By Joel Kurth and David Shepardson
The Detroit News
October 16, 2005
Michigan's unapologetic king of bulk e-mail is in trouble again. This
time, an FBI raid has closed what some consider one of the world's
largest houses of spam.
Warrants unsealed last week revealed that agents in September seized
computers, laptops, financial records and disks from the
8,000-square-foot home of Alan M. Ralsky. The $750,000 West Bloomfield
mini-mansion was built off profits from the 100 million electronic
offers for everything from Botox to mortgages that Ralsky sends every
FBI agents even took a copy of a 2002 Detroit News story that called
Ralsky the "poster boy for spam."
"We're out of business at this point in time," Ralsky said last week.
"They didn't shut us down. They took all our equipment, which had the
effect of shutting us down."
The raid is the latest episode in a cat-and-mouse game between
anti-spammers and Ralsky, 60, a gregarious, heavy-smoking ex-convict
considered Public Enemy No. 1 in some pockets of the Internet.
In 2002, Ralsky agreed to an undisclosed cash settlement to end a
landmark lawsuit from Verizon Internet Services, which alleged he
twice paralyzed its network in 2000 with his pitches for diet pills,
vacations and such. The deal forbade Ralsky's companies from sending
spam on its networks.
Last year, Michigan lawmakers passed legislation that allows parents
to put their children's e-mail addresses on do-not-spam lists. Even
though he insists he doesn't target kids, Ralsky was an inspiration
for the bills.
"Michigan has been called a cesspool for Internet spam, and Ralsky is
recognized as one of the worst," said the bills' sponsor, Sen. Mike
"I've been waiting for this moment. I knew it was a matter of time
before the law caught up to him."
Terry Berg, the top deputy in the U.S. Attorney's Detroit office,
declined to comment on the probe.
The home of Ralsky's son-in-law, Scott Bradley, also of West
Bloomfield, was also raided in September.
The federal CAN-SPAM law that took effect last year tries to make
spammers play fair.
It bans tricks, such as misleading subject lines or e-mails that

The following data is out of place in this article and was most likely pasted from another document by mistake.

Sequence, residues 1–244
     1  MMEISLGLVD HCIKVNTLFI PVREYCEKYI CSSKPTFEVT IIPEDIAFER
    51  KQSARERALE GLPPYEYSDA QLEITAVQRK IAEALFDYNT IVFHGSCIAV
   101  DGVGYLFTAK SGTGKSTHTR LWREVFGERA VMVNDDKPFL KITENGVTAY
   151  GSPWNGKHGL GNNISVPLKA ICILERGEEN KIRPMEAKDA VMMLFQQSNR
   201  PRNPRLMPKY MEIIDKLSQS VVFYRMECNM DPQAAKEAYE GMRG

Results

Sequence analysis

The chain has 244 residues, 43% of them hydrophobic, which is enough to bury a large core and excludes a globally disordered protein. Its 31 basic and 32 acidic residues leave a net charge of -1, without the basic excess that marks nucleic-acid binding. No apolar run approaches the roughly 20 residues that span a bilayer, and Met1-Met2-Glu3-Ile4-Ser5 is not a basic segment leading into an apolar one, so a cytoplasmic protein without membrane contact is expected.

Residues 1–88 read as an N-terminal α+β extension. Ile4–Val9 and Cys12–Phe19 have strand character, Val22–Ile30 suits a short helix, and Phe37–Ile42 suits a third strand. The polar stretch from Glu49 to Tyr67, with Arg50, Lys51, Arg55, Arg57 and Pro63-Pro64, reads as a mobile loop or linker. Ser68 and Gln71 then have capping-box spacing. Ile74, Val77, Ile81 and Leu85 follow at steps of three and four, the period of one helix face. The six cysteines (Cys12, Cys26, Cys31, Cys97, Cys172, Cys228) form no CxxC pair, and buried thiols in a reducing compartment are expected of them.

appear to be from friends. Commercial e-mail must be clearly
identified as such, and must label porn pitches as "sexually
The law also forbids spammers from using multiple e-mail addresses or
domain names to camouflage their identities. Penalties include up to
20 years' imprisonment and an $11,000 fine per offense.
Warrants show FBI agents sought evidence Ralsky and Bradley sent
commercial e-mail using at least 14 domain names.
"I'm not a spammer," Ralsky said. "I'm a commercial e-mailer."
Ralsky spent "tens of thousands of dollars" on software to comply with
the law, said Philip Kushner, his Cleveland lawyer.
"Alan Ralsky believes he's complied with the laws," Kushner said.
"These are new laws that, in some cases, have never been interpreted
by any courts or used before."
During previous discussions with The News, Ralsky called bulk e-mail
"the greatest business in the world." It's revived his life and won
him many foes.
A former insurance agent who made $500,000 a year in the 1980s, Ralsky
hit the skids in the 1990s. He lost his license in Illinois, declared
bankruptcy and served three years' probation on a felony related to
falsified bank records.
In the late 1990s, Ralsky sold his used car, bought two computers and
reinvented himself on the Internet. He makes money sending bulk e-mail
on behalf of clients selling products or services -- a gig he's said
puts small merchants on equal footing with giant companies.
As he's become more outspoken, Ralsky claims he's received numerous
death threats. A few years ago, Ralsky was deluged with hundreds of
unwanted magazines at his house, after anti-spammers signed him up for
"Ralsky is quite public about his activities," said Lih-Tah Wong,
president of Computer Mail Services, a Southfield company that sells
anti-spam software to companies.
"For every one like Ralsky, there are thousands of others who are
hiding in the shadows and scurrying away like cockroaches when the
light is shone upon them."
A recent study by the research firm International Data Corp. predicted
spam would increase to 7.6 trillion messages this year from 4.5
trillion in 2003.
The investigation by the FBI's cyber crimes unit is one of several
ongoing in Michigan. None has come to trial.
John Mozena, a Grosse Pointe Woods anti-spam activist, said the weak
law only allows authorities to crack down on the "most egregious"
spammers. He said he helped FBI agents with technical expertise before
the Ralsky raid.
You can reach Joel Kurth at (313) 222-2610 or jkurth at detnews.com
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